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Irina De la Huerta, Yoshihiro Yonekawa, Omar Moinuddin, Alan J. Ruby, Tarek S Hassan, George A. Williams; Transitioning to the heads-up stereoscopic surgical display in a vitreoretinal fellowship program: impact on outcomes. Invest. Ophthalmol. Vis. Sci. 2017;58(8):5012.
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The heads-up digital stereoscopic display has recently been introduced in vitreoretinal surgery. This system is proposed to facilitate surgical teaching by providing a panoramic view with enhanced depth-of-field and by allowing the operating team to see the surgeon’s view in real-time. We conducted a retrospective review of surgical cases performed during the transition to the digital stereoscopic display in our vitreoretinal fellowship program to study surgical times, complications and reoperation rates.
Two hundred and fifty-one consecutive cases performed 7 months before and 7 months after the transition to the stereoscopic display by the same surgeons were reviewed retrospectively. Surgeries were grouped into primarily vitreous cases (n=52), primarily macular cases (n=99), and complex cases (e.g. tractional retinal detachments, proliferative vitreoretinopathy) (n=100). Surgical times, complications, and reoperation rates were noted. Two-tailed Student’s T-test was used for statistical analysis.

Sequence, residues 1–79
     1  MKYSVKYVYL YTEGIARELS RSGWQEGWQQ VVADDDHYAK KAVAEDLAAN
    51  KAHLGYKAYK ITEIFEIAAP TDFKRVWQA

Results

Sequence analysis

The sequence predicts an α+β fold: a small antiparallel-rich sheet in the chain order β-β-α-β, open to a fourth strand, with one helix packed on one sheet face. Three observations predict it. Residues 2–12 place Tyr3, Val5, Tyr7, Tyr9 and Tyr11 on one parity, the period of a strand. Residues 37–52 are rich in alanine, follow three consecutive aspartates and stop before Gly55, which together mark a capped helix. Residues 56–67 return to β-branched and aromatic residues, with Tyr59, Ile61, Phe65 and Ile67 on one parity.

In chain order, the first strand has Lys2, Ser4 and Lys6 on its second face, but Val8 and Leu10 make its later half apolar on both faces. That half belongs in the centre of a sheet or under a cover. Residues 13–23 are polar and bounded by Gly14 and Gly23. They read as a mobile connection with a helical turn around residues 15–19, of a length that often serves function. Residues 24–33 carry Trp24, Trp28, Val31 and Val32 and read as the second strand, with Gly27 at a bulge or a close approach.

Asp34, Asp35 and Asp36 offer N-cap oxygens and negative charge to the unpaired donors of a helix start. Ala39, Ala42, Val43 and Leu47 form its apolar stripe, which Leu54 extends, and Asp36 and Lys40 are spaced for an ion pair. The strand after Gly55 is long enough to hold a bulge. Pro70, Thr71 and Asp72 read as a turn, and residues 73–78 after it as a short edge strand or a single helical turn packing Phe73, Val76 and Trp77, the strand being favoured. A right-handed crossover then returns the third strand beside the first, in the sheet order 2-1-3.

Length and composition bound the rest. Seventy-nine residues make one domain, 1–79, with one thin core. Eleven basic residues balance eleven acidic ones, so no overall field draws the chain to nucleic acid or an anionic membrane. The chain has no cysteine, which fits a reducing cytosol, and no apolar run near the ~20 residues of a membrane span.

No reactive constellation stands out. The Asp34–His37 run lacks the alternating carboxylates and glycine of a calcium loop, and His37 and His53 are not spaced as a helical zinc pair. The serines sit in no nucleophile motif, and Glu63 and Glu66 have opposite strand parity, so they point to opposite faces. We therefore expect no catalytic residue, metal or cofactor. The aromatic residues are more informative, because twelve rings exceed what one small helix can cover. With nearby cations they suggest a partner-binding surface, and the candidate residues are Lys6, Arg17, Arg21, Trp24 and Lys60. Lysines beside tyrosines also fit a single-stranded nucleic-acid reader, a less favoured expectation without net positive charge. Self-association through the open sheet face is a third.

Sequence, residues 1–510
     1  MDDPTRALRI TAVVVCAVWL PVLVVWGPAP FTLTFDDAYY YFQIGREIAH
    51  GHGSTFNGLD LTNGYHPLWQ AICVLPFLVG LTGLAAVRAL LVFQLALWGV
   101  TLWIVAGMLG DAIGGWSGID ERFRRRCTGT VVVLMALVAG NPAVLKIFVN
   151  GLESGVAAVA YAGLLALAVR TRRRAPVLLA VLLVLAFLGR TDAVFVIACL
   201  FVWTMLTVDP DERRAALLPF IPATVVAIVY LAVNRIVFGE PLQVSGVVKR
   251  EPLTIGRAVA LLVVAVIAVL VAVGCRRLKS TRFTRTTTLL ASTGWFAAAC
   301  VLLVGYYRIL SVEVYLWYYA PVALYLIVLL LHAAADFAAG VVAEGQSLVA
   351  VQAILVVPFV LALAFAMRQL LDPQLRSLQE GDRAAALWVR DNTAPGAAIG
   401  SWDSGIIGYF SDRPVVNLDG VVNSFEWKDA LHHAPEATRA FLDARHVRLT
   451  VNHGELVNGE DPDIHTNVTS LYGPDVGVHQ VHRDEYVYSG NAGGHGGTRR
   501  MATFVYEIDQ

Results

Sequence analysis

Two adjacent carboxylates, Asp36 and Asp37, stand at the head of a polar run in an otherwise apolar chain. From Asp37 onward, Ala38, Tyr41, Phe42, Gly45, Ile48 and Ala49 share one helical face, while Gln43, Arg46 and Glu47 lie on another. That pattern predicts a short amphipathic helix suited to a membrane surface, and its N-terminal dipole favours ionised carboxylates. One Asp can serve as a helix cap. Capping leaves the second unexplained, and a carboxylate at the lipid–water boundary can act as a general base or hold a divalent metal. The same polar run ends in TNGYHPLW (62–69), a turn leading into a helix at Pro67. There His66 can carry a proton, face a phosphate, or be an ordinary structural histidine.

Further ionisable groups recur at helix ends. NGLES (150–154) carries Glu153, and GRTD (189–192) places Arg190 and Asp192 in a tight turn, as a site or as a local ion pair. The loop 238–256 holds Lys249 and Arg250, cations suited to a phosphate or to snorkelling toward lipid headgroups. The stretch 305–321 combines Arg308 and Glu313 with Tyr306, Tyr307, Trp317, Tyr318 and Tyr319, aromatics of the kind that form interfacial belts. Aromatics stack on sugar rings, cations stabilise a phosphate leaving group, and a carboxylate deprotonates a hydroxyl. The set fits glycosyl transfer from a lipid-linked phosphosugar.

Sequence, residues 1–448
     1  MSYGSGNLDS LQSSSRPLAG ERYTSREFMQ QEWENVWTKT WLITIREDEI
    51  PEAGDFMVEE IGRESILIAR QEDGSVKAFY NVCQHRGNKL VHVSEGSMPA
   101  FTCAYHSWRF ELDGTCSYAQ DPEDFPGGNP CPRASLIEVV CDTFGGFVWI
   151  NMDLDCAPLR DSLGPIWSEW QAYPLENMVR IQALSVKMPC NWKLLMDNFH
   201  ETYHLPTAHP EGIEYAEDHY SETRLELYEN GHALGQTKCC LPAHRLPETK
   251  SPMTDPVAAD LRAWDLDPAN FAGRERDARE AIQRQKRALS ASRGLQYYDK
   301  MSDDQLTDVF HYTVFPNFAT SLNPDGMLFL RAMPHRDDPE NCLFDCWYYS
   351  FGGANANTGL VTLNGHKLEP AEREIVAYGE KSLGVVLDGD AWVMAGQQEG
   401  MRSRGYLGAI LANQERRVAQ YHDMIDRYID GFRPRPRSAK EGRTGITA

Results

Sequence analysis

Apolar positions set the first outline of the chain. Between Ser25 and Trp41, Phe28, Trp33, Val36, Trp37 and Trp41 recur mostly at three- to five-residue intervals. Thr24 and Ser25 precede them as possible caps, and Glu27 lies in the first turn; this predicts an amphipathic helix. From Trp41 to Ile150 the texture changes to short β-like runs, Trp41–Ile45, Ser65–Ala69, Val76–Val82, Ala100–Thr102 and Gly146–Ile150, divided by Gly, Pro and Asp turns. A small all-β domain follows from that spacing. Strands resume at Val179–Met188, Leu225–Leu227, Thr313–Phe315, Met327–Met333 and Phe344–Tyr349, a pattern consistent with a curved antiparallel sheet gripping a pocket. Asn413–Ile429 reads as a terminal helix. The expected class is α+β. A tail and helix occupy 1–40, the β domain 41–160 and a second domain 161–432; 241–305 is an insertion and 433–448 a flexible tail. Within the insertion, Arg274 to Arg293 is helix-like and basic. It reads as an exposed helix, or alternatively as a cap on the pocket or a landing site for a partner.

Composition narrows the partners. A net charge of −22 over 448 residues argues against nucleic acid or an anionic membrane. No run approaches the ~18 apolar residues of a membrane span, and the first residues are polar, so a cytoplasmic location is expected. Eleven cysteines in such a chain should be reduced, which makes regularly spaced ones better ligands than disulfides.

There were no significant differences in reoperation rates (primarily vitreous cases: 0.8% control versus 0% stereoscopic display, P=0.16; primarily macular cases: 3.8% control versus 0% stereoscopic display, P=0.16, complex cases: 21% control versus 25.6% stereoscopic display, P=0.63). In complex cases the redetachment rate was equivalent between the stereoscopic display and the control groups (17.95% stereoscopic display versus 18% control, P=0.99). There were no differences in complications rates between the two groups (P=0.37). The surgical set-up time (wheels-in to start of surgery time) was significantly longer in the stereoscopic display group (Δ= 3 min, P< 0.001). The average surgical time was greater when the stereoscopic display was used in primarily vitreous cases (Δ= 9 min, P= 0.004), and in primarily macular cases (Δ= 5 min, P= 0.004). The average surgical time for complex cases was not significantly different between the stereoscopic display and the control groups (P= 0.61).
The transition to a heads-up digital stereoscopic display during vitreoretinal fellowship training led to an increase in surgical times and a longer surgical set-up time without increasing the complication or reoperation rates.
This is an abstract that was submitted for the 2017 ARVO Annual Meeting, held in Baltimore, MD, May 7-11, 2017.
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